Give or take a few millennia, 100,000 years is the time homo sapiens has been around; 10,000 years ago, you could walk from England to France without getting your feet wet. So how did Eurotunnel look 100,000 years into the future? It began with the statistics from 1984-90, which showed a total of 313 people killed in railway accidents in Britain, including 99 at stations. With 268 billion passenger kilometres travelled, simple arithmetic yields figures of 0.08 fatalities per 100 million passenger kilometres, plus 0.95 fatalities per 100 million passenger journeys (for those killed at stations). These figures, and their French equivalents, were then combined and applied to the tunnel, as though it were a randomly selected 50km stretch of track with a station at each end.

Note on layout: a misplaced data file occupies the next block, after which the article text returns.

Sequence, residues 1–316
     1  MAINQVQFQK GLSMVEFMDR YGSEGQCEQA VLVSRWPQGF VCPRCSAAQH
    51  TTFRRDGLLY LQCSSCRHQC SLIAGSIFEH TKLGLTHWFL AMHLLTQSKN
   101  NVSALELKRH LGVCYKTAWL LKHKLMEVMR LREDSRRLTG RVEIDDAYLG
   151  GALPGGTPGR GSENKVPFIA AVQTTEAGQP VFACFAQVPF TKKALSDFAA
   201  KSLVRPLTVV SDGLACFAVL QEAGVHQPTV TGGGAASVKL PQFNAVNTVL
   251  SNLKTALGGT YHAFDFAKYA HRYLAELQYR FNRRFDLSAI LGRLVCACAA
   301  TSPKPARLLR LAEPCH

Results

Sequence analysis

The figure may then be modified by the decreased likelihood of anyone throwing himself in front of a moving train under the Channel. Fires and derailments, however, (estimated at 4.4 per cent and 18.5 per cent respectively of the 'total system risk') are likely to have more serious consequences, which are, in turn, balanced by more stringent safety procedures.
Eurotunnel concludes: 'The Channel Tunnel represents a significant advance in railway safety', which may be true. But for all the precision, it is little more than informed guesswork: 100,000 years is a long time on a train line. The Titanic was unsinkable. Has Eurotunnel overlooked an iceberg, too?Reuse content